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By Doug Struck
The Daily Climate

BOSTON – Once had a cur, a mutt with an attitude. Mutt hated the basset hound next door, and feeling was mutual. No leash laws in the South then, so the dogs mixed it up at will.

The two fought for a decade. Ripped ears nearly off. Gashed eyes. Lots of blood. Lots of stitches.

Toward the end, they got old. Mostly, by then, it was ritual. The two raged and frothed all over each other, on their hind legs like bears. Then one would saddle the other’s back, cross-wise. Exhausted. They would stand there, locked in their hatred, paralyzed in their fatigue. Growling. Looking sidewise for someone – anyone – to come grab them by the necks and drag them apart. Neither won.

Jim Gordon wants to win. He has been locked in a bitter dogfight to try to create the nation’s first in-the-water wind farm off Cape Cod. For more than a decade, every time he thought he was making headway, there was Bill Koch, rich coal magnate, in the disguise of various opponents, nipping his flanks, snapping at his throat.

 

 

Jim Gordon, president of Cape Wind Associates, takes questions at a press conference announcing the release of the Final Environmental Impact Statement from federal Minerals and Management Service in January, 2009. Production still courtesy Cape Spin.

 

Directing armies
They have fought up and down the court systems, through the local, state and federal bureaucracies, in the media, and in the back rooms and open chambers of legislatures, each directing armies and allies in attack.

But one thing remains: the waters off Cape Cod rise and fall, still empty of the 440-foot turbines of Gordon’s dreams. His opponents crow that’s a victory.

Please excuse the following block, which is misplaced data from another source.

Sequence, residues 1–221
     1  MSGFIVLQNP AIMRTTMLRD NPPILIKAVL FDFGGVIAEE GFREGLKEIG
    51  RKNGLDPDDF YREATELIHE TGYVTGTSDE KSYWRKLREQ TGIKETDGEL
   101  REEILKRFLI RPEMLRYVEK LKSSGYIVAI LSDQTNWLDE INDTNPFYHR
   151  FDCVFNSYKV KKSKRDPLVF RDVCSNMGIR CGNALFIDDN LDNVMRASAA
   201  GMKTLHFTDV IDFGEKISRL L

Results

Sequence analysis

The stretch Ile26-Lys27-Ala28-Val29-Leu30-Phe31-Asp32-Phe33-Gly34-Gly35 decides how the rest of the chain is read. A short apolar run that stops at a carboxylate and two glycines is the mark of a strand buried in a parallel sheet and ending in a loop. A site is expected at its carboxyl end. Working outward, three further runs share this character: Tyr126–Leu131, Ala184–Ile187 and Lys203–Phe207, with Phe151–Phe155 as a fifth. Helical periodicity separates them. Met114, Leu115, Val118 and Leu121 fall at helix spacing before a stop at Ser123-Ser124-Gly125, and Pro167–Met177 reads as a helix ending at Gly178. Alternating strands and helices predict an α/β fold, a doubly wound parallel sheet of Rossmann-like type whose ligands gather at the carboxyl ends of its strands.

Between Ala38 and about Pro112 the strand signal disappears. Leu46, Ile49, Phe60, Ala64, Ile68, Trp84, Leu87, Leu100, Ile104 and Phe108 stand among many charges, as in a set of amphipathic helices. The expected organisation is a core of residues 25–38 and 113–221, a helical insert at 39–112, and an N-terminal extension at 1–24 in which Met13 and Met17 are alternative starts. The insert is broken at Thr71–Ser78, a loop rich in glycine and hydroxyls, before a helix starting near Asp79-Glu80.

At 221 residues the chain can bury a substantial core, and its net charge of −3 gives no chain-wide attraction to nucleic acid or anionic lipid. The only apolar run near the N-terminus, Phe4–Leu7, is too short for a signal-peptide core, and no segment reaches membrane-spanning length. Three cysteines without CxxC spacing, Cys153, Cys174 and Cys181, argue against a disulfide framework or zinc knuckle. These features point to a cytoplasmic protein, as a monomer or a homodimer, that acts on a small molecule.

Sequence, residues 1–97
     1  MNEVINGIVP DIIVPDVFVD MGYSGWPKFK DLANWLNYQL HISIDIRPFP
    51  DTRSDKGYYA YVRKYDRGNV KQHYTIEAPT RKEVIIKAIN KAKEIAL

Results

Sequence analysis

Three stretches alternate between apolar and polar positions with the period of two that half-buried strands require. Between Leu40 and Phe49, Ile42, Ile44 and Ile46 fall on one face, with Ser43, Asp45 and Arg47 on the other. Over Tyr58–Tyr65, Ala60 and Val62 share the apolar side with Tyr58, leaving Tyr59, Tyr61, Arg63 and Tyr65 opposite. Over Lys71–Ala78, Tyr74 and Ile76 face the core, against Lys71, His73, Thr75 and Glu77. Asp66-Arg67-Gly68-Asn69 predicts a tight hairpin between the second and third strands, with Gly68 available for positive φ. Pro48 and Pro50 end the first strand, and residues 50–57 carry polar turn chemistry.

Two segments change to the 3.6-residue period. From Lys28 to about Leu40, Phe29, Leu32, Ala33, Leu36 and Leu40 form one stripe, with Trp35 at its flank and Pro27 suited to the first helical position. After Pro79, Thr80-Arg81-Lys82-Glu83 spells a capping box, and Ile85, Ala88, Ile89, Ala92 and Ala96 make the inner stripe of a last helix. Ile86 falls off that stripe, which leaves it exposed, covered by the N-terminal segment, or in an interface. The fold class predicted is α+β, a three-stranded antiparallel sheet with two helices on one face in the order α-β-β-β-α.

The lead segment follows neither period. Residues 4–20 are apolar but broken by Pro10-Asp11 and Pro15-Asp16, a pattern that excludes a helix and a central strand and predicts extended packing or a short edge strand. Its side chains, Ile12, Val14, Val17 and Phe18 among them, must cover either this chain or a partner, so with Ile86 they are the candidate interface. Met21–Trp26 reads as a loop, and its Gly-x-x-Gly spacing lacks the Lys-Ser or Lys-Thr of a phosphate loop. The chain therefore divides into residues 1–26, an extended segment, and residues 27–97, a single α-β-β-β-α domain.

“We have been fighting this successfully for thirteen years. The project does not belong in Nantucket Sound,” said his most public nemesis, Audra Parker, who heads a group that Gordon calls a shill for billionaire Koch.

And while Gordon waves off questions as to whether Parker gets under his skin, a hint of his frustration shows when he refers to her “latest jihad.”

Indeed, Jim Gordon has reason to be pissed. His plan to put a modest wind farm in Nantucket Sound has been on the drawing boards for 13 years. What’s a guy got to do to build the first offshore wind project in the United States?

26 legal challenges
He has, by his count, faced 26 legal challenges, and won every one of them, save for a few niggling technical rulings. He has overcome a veritable buffet of bureaucracies, from the local Cape Cod Commission to state regulators to a full monty of federal agencies – Interior, EPA, DOE, Army Corps of Engineers, FAA, FERC, to name a few. Throw in a tussle with the Wampanoag native American tribe for good measure.

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The list of foes, fighting for or with Koch, would send most developers scrambling for cover. At one time or another, Gordon has been opposed by the renowned Edward Kennedy, the skeptical Cape Cod Commission, the beloved Walter Cronkite, the impeccable Massachusetts Audubon, the Massachusetts Fishermen’s Network, John Kerry, Mitt Romney, Scott Brown and Robert Kennedy Jr.

“There are certainly easier ways to make a living,” Gordon concedes dryly.

Success at hand
At 61, Gordon remains unbowed. Success, he predicts, is at hand. Next year construction will begin on at least 100 of the planned 130 wind turbines to be placed six miles offshore to provide clean energy for most of Cape Cod. He says this with the zeal and conviction of a True Believer.

He has said that before, he concedes, but this time he insists there are no other major delays on the horizon.

(Two days later, a Texas congressman got the House of Representatives to ban, via an appropriations bill rider, a federal loan guarantee supporting Cape Wind. The Senate dismissed the stunt, but the surprise move had echoes of what Gordon calls “my worst day” in 2006: He woke up to learn the congressman and a senator from Alaska, another big oil state, had slipped a line into a Coast Guard bill killing Cape Wind. That, too, eventually was reversed.)